Storm leaves Crimmins Road homes flooded with water, sewage

DARIEN — Brian Valentine, like his fellow Crimmins Road neighbors, prepared for Elsa’s arrival and the potential for flash flooding. But even these residents were not ready for the level - or type - of discharge flowing into their homes Friday.

Crimmins Road is situated on the west bank of Stony Brook, just south of Town Hall. And at least three homeowners at the bottom of this sloping road not only saw extreme flooding, but were overrun by billowing sewage that came up from the ground in numerous places.

“I don’t think it’s even hit me yet,” said Valentine, who saw the house he’s lived in for 10 years overwhelmed with 2 feet of wastewater inside. Every system and appliance was destroyed, along with furniture and every possession on the first floor and garage.

Further, the entire residence has been contaminated with sewage, inside and out.

“Our neighborhood has the suspicion or belief that ever since the high school was redone, and the highway was expanded, there’s been more damage to us,” Valentine said.

“There’s a lot more water coming down,” he said.

“We’ve never flooded and we’ve been here five years,” said Adi Prakash, who lives next door and saw extensive damage for the first time on Friday.

And while there was a “nasty” intrusion of 5 inches of sewage water into the house at the basement level, their backyard was literally swamped with a sea of wastewater that Prakash believes — owing to the range of colors and general appearance — contained chemicals and toxic contaminants.

“It’s beyond disgusting,” he said, wondering when or how he could ever let his kids return to playing there.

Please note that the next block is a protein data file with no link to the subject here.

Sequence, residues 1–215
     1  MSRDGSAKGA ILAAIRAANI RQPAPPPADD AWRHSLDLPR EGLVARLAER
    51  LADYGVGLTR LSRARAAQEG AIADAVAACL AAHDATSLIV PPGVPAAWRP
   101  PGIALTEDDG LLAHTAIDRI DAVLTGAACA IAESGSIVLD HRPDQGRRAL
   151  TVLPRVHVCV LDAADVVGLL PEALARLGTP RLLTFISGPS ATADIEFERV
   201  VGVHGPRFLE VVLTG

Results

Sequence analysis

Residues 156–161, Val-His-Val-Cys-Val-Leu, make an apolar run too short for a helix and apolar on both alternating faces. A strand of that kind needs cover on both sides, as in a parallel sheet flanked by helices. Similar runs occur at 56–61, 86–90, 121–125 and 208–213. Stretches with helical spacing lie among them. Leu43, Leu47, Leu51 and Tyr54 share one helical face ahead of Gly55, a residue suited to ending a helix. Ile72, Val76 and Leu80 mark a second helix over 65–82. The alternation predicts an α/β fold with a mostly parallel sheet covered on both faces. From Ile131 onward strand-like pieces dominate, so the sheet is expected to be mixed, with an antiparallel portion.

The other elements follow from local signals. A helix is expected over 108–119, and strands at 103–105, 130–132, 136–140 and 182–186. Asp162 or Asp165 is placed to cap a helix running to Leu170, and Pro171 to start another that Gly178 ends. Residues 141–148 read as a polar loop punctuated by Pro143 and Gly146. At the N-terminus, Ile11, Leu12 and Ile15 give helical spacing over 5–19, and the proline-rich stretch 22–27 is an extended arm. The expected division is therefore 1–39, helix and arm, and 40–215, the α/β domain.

While he knows the storm was the precipitating event, Prakash believes the town has failed to address what he sees as a faulty or inadequate sewage system.

“This wasn’t caused by rain,” he said. “This wasn’t caused by rivers overflowing. This was caused by sewage overflowing.”

Prakash said he contacted the Environmental Protection Agency and that they would be testing the area.

“I know I bought in a flood zone, (but) the flood zone is supposed to be the runoff from the river,” he said, not sewage and waste water.

Since they experienced excessive flooding in 2018, Valentine and his wife, Lisa, have sought to get help from the Federal Emergency Management Agency, but are yet to receive any help in terms of grant money.

“You don’t ever actually get a real response as to why,” he said. “You’re just denied or approved.”

And after they had to vacate their house in 2018 for three months while repair work was being done following the first flood, the family is once again staying with relatives and expect that it’s going to be at least three months this time until they can move back in.

“This flood was much different than the last one because of the sewage problem,” Valentine said, though the water also reached extreme heights too—possibly up to eight feet in the backyard late Friday morning following high tide.

On Friday evening First Selectman Jayme Stevenson paid a visit to their house, along with Marc McEwan, emergency management director for the town.

“It was nice that they actually do show up,” he said, neighbors are still waiting to get answers on what the town intends to do to remedy the situation.

“The town of Darien has done a whole research study on the river and has done recommendations to open bridges and to buy properties to open up the river,” Valentine said, “and nothing has really been done.”

Stevenson said the town is working with FEMA on behalf of residents who have applied for FEMA support.

“We will help others who wish to do so,” Stevenson said, adding that she planned to meet with the town’s public works team Monday to discuss the sewage overflow issue.

Meanwhile, the residents are still reeling from an experience that, ironically, included a Port-o-potty from the Town Hall property literally flowing down along the river during the flood.

Also, for the Prakash family, their brand new 80-inch TV, which was still in its box in the garage, somehow getting picked up by the moving floodwaters and taken out to sea.

“It floated away,” he laughed. “We don’t know where it is.”